During their initial weeks of kindergarten, they were upset by endlessly repeated images of planes blasting into the World Trade Center. (Class of 2018, #1)
I’ve assumed that Messrs. McBride and Nief read Beloit Mindlessness because how could you not read a web site devoted to the destruction of your most famous creation, but item #1 on the Class of 2018 Mindset List clinches it.
The Beloit Mindset List has never made a direct reference to the terrorist attacks on Sept. 11, 2001. Or the subsequent wars in Afghanistan or Iraq. Or the rise in security procedures or any other policy changes that took place after the attacks.
But how could it? These events happened in the past 12 years and the central premise of the Mindset List is that the mindset of a birth cohort—its set of “cultural touchstones”—is concocted from events that took place the year its members were born.…
9-11 and its aftermath must be more significant for understanding the “mindset” of American young people than roughly 99% of the trivia on the Mindset lists, but the Mindset Method dictates that they can’t be directly referenced.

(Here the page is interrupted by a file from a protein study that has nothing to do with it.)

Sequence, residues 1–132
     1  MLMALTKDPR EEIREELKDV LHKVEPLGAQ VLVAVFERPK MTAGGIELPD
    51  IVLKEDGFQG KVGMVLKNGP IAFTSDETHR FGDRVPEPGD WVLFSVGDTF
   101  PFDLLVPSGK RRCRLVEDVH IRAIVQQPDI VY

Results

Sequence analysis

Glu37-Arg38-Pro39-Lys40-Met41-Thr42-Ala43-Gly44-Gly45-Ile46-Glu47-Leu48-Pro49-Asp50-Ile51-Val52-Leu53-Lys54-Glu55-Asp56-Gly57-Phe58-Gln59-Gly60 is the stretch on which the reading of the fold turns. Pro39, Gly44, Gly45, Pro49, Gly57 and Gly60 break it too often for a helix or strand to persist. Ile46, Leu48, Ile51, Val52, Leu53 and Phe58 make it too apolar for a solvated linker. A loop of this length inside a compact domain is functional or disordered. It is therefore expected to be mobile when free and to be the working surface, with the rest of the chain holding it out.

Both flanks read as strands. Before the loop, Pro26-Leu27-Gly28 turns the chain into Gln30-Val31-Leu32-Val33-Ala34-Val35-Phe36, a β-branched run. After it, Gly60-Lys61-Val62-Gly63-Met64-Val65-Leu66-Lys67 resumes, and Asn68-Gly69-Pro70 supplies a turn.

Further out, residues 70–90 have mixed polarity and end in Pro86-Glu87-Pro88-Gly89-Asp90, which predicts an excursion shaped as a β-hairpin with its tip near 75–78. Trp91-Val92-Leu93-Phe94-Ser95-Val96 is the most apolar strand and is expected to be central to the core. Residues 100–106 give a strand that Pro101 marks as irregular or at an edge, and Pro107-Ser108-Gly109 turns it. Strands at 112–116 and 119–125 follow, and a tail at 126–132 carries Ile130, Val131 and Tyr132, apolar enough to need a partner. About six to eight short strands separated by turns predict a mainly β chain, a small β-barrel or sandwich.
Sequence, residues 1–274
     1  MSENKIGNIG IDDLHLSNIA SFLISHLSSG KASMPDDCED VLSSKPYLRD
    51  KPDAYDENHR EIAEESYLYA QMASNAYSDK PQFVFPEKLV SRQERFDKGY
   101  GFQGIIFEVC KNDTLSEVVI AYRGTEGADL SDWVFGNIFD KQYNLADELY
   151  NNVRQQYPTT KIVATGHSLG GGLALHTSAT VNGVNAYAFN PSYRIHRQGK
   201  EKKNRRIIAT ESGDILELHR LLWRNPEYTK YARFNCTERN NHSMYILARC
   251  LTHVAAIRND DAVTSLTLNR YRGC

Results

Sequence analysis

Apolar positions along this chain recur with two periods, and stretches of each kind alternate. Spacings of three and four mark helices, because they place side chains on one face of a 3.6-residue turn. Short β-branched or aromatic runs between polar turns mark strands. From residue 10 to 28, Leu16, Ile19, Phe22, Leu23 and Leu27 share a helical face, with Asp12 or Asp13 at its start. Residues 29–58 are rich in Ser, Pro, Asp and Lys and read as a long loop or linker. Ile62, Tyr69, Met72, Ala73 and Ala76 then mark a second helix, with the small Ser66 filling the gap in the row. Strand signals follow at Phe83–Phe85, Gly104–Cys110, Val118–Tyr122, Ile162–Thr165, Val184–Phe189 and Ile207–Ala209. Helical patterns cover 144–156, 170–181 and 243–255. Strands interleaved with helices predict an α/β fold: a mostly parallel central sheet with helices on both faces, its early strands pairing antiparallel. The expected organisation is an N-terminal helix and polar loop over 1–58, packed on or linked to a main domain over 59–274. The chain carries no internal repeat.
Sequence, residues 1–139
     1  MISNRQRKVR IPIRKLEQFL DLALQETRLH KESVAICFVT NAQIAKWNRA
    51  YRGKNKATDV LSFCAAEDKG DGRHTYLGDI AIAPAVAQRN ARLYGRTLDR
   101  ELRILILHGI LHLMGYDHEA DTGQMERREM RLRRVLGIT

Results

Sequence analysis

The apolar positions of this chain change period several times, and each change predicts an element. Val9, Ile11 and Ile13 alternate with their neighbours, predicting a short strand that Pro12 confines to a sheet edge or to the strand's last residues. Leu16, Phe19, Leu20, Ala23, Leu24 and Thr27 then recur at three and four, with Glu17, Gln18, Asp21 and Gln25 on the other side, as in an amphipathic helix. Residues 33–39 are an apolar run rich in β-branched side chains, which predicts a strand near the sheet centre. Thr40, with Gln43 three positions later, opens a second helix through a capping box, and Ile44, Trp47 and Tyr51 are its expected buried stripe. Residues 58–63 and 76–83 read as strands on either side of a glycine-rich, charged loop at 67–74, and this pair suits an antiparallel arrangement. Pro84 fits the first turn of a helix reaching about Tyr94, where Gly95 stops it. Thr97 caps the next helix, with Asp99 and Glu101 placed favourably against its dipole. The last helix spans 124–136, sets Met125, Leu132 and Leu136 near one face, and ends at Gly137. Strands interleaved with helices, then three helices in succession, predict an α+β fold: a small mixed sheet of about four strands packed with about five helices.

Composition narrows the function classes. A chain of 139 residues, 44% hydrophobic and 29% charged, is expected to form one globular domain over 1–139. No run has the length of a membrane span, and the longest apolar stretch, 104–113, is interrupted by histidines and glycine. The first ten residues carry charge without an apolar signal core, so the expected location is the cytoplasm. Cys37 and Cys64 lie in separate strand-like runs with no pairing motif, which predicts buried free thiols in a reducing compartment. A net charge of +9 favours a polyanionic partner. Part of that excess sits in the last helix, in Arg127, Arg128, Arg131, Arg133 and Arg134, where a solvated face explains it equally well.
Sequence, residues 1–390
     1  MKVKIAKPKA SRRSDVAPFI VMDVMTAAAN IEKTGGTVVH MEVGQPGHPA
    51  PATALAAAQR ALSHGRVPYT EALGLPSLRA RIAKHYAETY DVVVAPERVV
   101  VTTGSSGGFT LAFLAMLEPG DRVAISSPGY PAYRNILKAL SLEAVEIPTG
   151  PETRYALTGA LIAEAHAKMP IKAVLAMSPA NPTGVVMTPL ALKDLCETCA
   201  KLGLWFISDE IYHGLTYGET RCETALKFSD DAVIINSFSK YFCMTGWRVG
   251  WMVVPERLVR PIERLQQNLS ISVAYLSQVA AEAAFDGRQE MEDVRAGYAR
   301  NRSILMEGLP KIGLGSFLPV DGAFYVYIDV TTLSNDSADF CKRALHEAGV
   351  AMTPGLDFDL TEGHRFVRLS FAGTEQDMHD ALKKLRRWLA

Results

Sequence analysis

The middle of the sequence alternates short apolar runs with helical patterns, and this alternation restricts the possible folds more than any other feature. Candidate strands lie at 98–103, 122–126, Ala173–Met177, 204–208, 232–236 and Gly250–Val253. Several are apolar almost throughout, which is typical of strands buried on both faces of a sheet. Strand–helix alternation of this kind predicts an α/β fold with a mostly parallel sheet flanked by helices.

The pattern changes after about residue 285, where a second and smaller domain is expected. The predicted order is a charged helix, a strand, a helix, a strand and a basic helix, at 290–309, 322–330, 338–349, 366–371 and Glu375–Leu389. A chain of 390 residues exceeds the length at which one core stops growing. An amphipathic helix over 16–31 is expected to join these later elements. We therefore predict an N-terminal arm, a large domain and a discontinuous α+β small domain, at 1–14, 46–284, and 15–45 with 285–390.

Indirect references are okay as long as they are connected to something that happened roughly 18 years earlier.
So, perhaps thanks to our critique, the latest Mindset List opens with a reference to 9-11— even though it took place while the Class of 2018 was in kindergarten! Thirteen years after coordinated terrorist attacks on American soil killed 2,977 people, resulting in two wars and countless other consequences, Messrs. McBride and Nief have come to the realization that the attacks actually affected people who were older than infants when they occurred. So hooray for that, I guess.
Of course, the item misses what was most significant about the attacks for the Class of 2018—it wasn’t being upset by watching the attacks on TV. Also, the rest of the list is the same brand of pointless trivia we’re come to expect from it. We’ll be digging into that in the days to come.